• Does a company have an interesting way of differentiating beta functionality?
    • Are code samples hidden behind toggle-to-expand options?
    • Is there a plethora of gifs, videos, or other multimedia in the documentation?

Document your findings, of course, and feel free to share your findings with your team during a demo. After all, they might be wondering what you’re doing if you haven’t started writing yet. 

3. Assess the current state of your documentation

If there is any sort of documentation for your product, you want to know what it is. It might be a sad README and some code comments, it might be detailed multilayered documentation without much organization or clear goals. 

Diagram with a transparent dotted circle pointing to {} encasing a column chart, circles with customers, marketing, UX, engineering, and PM, plus a dotted outlined rectangle with "existing content?" inside pointing to an MVD square, representing the pre-planning process.

To get a sense of the current state, I recommend doing the following:

  • Audit the existing content. Identify which topics are covered in the documentation already, and where. Make a list, and also keep track of what topics seem to have a lot of detail, and what you suspect might be outdated. This is a cursory audit, not an in-depth one that you might perform if you were migrating content.
  • Look at the documentation analytics. If you have analytics for the documentation site, take note of which pages are most frequently viewed, which pages might be serving as entry points, and how much time people spend on various pages. 
  • Talk to your team and get their thoughts on the current documentation. Who has been writing it so far? Are they attached to any topics in particular? Do they share specific topics with customers regularly?
  • Interview customers of the product and documentation to see what they want to see or find most useful today.

Depending on the quality of the existing documentation, these steps might not be that helpful in informing your approach, but help you set benchmarks for documentation growth and quality, plus identify links you likely don’t want to break.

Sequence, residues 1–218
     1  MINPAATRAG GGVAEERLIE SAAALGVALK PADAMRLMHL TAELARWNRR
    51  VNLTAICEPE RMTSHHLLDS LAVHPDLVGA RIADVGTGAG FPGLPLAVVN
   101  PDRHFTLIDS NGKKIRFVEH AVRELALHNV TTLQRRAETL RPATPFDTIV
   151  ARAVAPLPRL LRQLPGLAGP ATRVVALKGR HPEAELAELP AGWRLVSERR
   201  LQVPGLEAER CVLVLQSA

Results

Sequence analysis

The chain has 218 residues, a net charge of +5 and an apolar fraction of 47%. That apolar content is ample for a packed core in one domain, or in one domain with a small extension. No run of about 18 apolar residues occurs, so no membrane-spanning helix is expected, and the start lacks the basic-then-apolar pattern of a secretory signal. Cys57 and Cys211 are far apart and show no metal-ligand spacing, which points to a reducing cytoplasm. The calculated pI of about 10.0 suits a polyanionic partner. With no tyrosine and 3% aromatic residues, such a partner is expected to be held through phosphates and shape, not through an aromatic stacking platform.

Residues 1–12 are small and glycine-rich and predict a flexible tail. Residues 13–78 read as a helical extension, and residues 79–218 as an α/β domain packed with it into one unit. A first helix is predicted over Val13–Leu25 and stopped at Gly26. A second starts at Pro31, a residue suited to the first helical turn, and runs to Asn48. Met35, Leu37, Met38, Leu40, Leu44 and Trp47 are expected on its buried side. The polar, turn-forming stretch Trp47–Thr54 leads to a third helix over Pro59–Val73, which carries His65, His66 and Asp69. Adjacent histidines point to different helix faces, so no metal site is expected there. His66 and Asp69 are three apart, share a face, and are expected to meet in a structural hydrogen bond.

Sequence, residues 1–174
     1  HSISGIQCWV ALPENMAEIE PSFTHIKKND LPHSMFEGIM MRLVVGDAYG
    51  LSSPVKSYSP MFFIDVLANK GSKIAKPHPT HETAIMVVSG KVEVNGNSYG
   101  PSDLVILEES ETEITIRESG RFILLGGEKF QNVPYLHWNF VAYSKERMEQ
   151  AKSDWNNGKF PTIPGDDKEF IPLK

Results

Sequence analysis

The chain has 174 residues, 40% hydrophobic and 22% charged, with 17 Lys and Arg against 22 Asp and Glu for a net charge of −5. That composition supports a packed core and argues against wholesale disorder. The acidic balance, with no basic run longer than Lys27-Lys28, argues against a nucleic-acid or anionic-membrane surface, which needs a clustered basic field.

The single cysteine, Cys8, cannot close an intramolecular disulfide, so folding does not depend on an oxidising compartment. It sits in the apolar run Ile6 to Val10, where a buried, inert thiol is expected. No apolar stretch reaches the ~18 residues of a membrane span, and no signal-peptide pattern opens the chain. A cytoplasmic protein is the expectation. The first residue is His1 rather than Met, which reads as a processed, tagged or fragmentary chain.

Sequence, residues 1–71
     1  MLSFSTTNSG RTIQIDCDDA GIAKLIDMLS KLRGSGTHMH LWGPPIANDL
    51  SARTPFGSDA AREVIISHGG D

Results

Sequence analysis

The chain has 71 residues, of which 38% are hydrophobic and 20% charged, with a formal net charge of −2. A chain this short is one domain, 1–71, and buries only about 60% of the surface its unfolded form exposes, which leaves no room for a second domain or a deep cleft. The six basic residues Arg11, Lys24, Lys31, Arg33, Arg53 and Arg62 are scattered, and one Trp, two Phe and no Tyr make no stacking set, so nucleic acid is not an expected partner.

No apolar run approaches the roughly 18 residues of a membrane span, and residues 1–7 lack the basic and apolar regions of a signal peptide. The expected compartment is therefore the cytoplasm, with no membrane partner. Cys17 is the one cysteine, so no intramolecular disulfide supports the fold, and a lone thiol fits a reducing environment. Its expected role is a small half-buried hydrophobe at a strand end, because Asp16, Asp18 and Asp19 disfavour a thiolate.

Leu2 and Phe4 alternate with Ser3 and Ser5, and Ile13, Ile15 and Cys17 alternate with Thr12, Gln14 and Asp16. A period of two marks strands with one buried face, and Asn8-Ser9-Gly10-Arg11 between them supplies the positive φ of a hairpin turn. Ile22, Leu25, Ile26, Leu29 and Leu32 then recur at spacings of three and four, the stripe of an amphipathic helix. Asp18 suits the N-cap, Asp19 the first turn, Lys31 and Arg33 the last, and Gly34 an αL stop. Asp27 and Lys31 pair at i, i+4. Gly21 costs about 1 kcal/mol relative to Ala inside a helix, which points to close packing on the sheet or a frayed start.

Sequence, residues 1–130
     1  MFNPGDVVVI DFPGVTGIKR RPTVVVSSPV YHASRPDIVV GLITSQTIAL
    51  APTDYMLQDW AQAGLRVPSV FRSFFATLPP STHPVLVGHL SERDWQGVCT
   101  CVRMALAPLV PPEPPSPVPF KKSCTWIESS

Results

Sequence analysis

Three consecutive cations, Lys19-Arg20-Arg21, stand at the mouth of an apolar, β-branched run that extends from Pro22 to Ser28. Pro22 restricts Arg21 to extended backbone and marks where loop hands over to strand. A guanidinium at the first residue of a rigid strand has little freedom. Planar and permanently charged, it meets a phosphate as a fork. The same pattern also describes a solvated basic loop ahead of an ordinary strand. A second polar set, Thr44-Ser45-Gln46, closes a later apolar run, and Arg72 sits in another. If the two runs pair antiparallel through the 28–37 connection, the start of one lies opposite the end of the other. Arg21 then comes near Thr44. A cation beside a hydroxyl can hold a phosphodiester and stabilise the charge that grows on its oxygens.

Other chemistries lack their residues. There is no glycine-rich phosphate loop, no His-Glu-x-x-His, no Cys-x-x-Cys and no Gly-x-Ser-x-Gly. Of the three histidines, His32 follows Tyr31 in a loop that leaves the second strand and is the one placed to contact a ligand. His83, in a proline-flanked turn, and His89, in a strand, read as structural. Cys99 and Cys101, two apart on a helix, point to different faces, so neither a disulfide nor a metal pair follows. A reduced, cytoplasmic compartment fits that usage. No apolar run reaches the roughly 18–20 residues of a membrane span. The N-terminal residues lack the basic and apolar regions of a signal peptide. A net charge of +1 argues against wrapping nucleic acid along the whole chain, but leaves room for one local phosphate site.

If you don’t have any documentation, still talk to your team and customers. If you can’t talk to customers for some reason, you can look for discussions about the product on social media like Reddit, Twitter, or Hacker News to identify themes that people ask questions about or really enjoy about your product.

A brief note about terminology: As you review competitor and existing documentation and interview internal and external folks, you might find that your product has some inconsistent terminology. At this stage, you might want to delay the writing process while you create a definitive list of terms to use for the product. This type of work can take more time upfront but it’s easier to create consistency from the beginning than to apply it after the fact. 

Define the structure of your documentation

Before you start writing, you want to create a structure or a framework to place your topics into. 

Diagram with the empty circle pointing to shaded rectangles structured in a hierarchy of three chapters, one with 3 topics below it, one with 2, and another with 4, all pointing to the MVD shaded square.

The structure for your MVD is directly informed by the work you did to define what MVD looks like for your product, plus some information-architecture-specific research. 

  • Revisit your conversations with colleagues. What workflows and functionality might be important to highlight? Who is buying your product? Who is using your product?
  • Refer to your competitor review notes. How did your competitors and benchmark docs structure their documentation?
  • Research information architecture best practices. Refer to some key articles from the Nielsen Norman Group, as well as the book How to Make Sense of Any Mess by Abby Covert, and the associated worksheets.

After this research, draft up some chapter headings and possible topic titles to start with, then get feedback from your UX, PM, Engineering, and Sales and Marketing folks. How accurate, relevant, or helpful does the new structure seem? Have you made any assumptions that don’t make sense for the customer base?

Expect this information architecture to change as you write the MVD and especially as you develop full-featured documentation. This is the nature of a minimum viable product! Put a task in your backlog to plan to refine the structure after you finish MVD and are approaching full-featured documentation so that you can iterate without confusing your customers with frequent changes, and plan so that you don’t break any links.

After you design the initial information architecture, you can start writing. 

Start writing minimum viable documentation

So you know what minimum viable documentation might look for for your product, but how do you get there? MVD is all about creating useful content for your users, so start with the entry content! 

Venn diagram with three circles, one with identify key information, one with describe the path to success, and a third with clarify complexity, with MVD at the intersection of all three.

Focus on key information for customers

As with any “minimum viable” approach, you’re trying to get a basic functional framework down before you start improving it. As you lay that framework, be mindful of scope creep.

Think back to the key workflows that you mapped out earlier. Broadly cover the top few workflows and then flesh out details as you get more comfortable with the product and understand the user goals better. Why go broad instead of going deep into a specific workflow? You’re still learning what the customer finds useful, and what level of detail they might want or need about a specific workflow.